Human Rights, Justice and Negotiating Peace with Terrorists: The Case of Afghanistan
The Senator George J. Mitchell Peace Lecture Series celebrates and recognises Senator Mitchell’s contribution to the Northern Ireland peace process and to conflict resolution in the Middle East. His aim of transforming conflict and promoting social justice in Northern Ireland and across the world is shared by our Institute.
The Annual Peace Lecture series was inaugurated in 2018 with a lecture from President Mary Robinson on climate justice. President Robinson has subsequently become Chair of The Elders and has held prestigious posts in Ireland and the United Nations.
Previous speakers include Mamphela Ramphele (2019) and Professor Pumla Gobodo-Madikizela (2020).
Speaker: Nader Nadery (Asser Institute, Center for International and European Law)
Chair: Professor Richard English (Queen's University Belfast)
On December 4, 2001 a peace agreement for a post Taliban government was signed in Bonn, Germany. The accord was facilitated by the UN after US and collation forces launched a military operation against the Taliban in response to the 9/11 terrorist attack of the United States. Within a month the Taliban’s first rule ended and Afghanistan embarked on a new path of stability, democracy and constitutional rule where rights and freedom of its citizen was promised to be protected and promoted.
In two years Taliban that were considered defeated, were provided safe havens across the Durand line, regrouped and begin to launch two decades of deadly insurgency against Afghan government and NATO forces in the country. Finally the US and Taliban signed a agreement on Feb 29, 2020. The agreement known as the US-Taliban Doha agreement was negotiated for over two years and in the absence of the then Afghan government. The direct talks between the Islamic Republic of Afghanistan delegation and the Taliban were one of the four provisions of the US-Taliban Doha agreement.
On September 12, 2020, the intra-Afghan Peace Negotiation began in Doha capital of the State of Qatar. The two large delegations of 21 members each, met to find a peaceful settlement after nearly two decades of conflict. However, the US-Taliban negotiation changed the political and military realities of the country and as a consequence incentives for a political settlement within the newly created political and military reality, has reduced significantly in Taliban.
The two sides negotiated for 11 months until the Islamic Republic government collapsed on August 15, 2021.
With the collapse of the republic, most of the gains in the field of Human Rights protection specially of women rights are being rolled back. There is now a systematic apartheid against Afghan women by the Taliban rulers.
The past two decades of international intervention in Afghanistan give many important lessons learned in the field of justice and human rights. This lecture will tell the story of Afghans’ struggle for institutionalization of human rights principles, their fight for justice and the international community’s failure to side with them. It will tell how it looked like to negotiate peace with a group that was conducting terrorist activities and does not believes in human rights and the citizens freedom. It will tell the history of heartbreak and the story of resilient of people in their quest for dignity and justice in the face of unimaginable adversity.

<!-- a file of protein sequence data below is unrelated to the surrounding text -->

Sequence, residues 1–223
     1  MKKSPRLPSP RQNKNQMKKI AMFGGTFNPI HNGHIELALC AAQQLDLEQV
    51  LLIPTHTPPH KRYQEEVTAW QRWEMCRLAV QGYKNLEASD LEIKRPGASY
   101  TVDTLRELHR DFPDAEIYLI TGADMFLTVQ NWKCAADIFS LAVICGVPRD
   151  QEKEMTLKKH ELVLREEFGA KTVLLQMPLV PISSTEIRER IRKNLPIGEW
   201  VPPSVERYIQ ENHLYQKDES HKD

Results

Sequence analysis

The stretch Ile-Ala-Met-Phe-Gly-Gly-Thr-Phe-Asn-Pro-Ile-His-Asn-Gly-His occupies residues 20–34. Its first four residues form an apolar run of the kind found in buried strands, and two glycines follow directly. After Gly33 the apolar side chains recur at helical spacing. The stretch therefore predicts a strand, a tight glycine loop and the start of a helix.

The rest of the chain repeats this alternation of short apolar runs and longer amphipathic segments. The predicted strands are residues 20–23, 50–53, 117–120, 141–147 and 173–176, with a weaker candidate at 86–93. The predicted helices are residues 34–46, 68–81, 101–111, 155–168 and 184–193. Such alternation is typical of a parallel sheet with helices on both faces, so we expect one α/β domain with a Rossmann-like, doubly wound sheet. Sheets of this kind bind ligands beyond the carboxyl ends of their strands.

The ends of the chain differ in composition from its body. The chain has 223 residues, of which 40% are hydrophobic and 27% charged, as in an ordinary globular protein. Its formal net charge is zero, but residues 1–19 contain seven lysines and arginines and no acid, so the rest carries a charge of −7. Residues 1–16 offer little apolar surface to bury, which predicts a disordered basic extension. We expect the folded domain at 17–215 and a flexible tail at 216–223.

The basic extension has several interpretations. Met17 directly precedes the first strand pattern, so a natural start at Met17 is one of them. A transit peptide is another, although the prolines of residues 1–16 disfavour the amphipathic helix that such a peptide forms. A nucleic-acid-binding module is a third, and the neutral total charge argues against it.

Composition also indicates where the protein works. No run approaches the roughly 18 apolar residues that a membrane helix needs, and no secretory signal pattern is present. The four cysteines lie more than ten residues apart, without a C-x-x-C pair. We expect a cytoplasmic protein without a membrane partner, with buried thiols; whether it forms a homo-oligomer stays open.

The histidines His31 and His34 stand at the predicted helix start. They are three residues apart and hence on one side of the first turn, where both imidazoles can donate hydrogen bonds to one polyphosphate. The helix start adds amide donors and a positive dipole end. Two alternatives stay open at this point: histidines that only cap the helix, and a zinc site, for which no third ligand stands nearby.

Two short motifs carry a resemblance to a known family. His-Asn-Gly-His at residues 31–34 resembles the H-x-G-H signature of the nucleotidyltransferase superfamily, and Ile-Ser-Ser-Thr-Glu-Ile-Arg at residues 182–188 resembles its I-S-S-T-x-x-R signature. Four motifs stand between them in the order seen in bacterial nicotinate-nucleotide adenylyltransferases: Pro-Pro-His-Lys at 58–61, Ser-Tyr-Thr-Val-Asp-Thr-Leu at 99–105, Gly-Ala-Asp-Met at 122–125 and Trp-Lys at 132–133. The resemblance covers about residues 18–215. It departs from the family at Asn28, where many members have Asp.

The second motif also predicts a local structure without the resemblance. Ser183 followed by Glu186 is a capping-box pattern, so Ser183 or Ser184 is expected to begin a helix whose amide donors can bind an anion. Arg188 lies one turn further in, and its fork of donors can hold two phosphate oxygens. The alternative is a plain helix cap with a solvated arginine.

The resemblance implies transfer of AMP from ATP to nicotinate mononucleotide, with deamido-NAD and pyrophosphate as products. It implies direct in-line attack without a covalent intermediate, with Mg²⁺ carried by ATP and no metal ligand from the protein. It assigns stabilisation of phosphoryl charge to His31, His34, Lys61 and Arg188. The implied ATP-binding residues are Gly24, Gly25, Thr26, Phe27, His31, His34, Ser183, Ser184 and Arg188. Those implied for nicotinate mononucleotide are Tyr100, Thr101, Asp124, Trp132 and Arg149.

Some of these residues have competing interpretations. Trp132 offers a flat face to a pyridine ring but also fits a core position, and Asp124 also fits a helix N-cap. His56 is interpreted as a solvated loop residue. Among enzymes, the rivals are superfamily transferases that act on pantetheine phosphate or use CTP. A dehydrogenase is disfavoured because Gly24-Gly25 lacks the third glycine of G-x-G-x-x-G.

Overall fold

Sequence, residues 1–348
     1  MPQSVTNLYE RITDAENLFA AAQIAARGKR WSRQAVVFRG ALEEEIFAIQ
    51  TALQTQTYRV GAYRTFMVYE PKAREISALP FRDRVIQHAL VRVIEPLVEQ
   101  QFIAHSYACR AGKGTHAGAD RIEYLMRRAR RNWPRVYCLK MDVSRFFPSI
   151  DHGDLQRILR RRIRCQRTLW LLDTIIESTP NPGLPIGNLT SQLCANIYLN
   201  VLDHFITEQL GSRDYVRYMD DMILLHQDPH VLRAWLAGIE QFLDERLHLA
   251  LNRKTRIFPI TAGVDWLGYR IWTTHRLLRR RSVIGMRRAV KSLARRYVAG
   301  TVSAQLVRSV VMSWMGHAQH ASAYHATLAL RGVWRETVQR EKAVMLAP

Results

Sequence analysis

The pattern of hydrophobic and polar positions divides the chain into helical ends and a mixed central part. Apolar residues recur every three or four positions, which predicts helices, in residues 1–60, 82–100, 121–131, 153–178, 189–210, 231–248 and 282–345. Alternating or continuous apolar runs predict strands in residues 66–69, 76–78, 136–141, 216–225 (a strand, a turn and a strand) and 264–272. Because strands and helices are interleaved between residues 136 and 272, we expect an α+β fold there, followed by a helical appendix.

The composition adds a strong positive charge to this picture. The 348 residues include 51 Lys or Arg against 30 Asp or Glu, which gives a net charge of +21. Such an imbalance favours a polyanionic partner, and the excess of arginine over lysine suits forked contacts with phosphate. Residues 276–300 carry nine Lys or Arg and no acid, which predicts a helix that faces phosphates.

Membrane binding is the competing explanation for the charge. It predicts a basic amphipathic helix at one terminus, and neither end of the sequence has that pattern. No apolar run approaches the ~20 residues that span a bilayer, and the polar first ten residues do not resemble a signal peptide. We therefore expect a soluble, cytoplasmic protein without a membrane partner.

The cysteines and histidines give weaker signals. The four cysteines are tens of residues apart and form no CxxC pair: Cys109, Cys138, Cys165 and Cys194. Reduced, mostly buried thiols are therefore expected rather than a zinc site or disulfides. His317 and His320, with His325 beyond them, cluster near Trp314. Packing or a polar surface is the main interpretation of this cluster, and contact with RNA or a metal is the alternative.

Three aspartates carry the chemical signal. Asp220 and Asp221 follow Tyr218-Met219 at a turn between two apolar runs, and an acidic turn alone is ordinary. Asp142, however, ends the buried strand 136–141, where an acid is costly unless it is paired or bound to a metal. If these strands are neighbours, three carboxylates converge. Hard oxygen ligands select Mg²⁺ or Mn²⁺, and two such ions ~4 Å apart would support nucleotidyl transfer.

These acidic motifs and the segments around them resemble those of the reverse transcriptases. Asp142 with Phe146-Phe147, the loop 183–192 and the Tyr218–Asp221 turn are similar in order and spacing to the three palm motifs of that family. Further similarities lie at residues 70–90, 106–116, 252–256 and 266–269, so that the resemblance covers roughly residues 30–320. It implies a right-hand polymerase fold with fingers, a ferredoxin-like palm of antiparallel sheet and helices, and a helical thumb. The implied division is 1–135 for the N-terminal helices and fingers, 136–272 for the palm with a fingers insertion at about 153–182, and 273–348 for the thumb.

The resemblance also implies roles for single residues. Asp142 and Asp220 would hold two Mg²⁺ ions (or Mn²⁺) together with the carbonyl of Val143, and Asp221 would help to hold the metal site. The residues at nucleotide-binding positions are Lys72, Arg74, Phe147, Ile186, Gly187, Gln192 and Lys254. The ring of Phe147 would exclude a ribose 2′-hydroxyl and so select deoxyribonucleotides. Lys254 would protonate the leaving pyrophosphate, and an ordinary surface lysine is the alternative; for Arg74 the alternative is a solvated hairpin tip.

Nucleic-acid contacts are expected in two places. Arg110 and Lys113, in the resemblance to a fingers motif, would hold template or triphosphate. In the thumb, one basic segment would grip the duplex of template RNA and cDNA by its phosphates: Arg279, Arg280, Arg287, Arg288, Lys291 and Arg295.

Mr. Nadery was Member of Peace Negotiation Team for Afghanistan Peace Process in Doha (Sep 2020 to Aug 2001). He also served as chairman of the Independent Civil Service Commission of Afghanistan (April 2017 to June 2021). Prior to joining the Commission he was Senior Advisor to the President on Human Rights and Strategic Affairs. He was also presidential envoy for protection of freedom of expression.
Mr. Nadery served as director of Afghanistan Research and Evaluation Unit (AREU) 2012 to 2016. AREU is Afghanistan’s globally ranked research institute. He served as Commissioner of the Afghan Independent Human Rights Commission (AIHRC)2004-2012.
Prior to his appointment at the AIHRC Mr. Nadery served as the director of Afghanistan programs of Global Rights, Partners for Justice ( 2002 to 2004). He is also the founder and was chairman of the Free and Fair Election Foundation of Afghanistan (domestic election observation body). He also served as the Spokesperson for the Emergency Loya Jerga (Grand Assembly) that elected head of transitional government in 2002. During this time Mr. Nadery was also elected as a delegate for the ELJ and served as representative of civil society. He represented Afghan youth at the main UN peace talks for Afghanistan in the Bonn Conference in 2001, where the Post-Taliban interim government was formed.
Mr. Nadery co-founded Afghan Civil Society Forum, and foundation for civil society and culture.
He has written extensively on politics, human rights, women rights and democracy in Afghanistan. Mr. Nadery thought constitutional law at the American University of Afghanistan in 2012.
He was member of Global Agenda Council on Fragile States of World Economic Forum. Mr. Nadery served as chief of mission for No Peace without Justice Support missions in Libya after the 2012 revolution there. He is also a member of Board of Editors of the International Journal on Transitional Justice and appears regularly on BBC, New York Times, Washington Post and other international media. In 2005 Mr. Nadery was recognized as an "Asian Hero" by Time Magazine and named as Young Global Leader by the World Economic Forum in 2008. He was awarded the 2004 Rebok Human Rights Award.
Mr. Nadery, studied law and political sciences at Kabul University and earned his master’s degree in International Relations from George Washington University, he also studied leadership at Kennedy school of government at Harvard University. He speaks, English, Persian/ Dari, Pashto, Baluchi and has a basic knowledge of Dutch.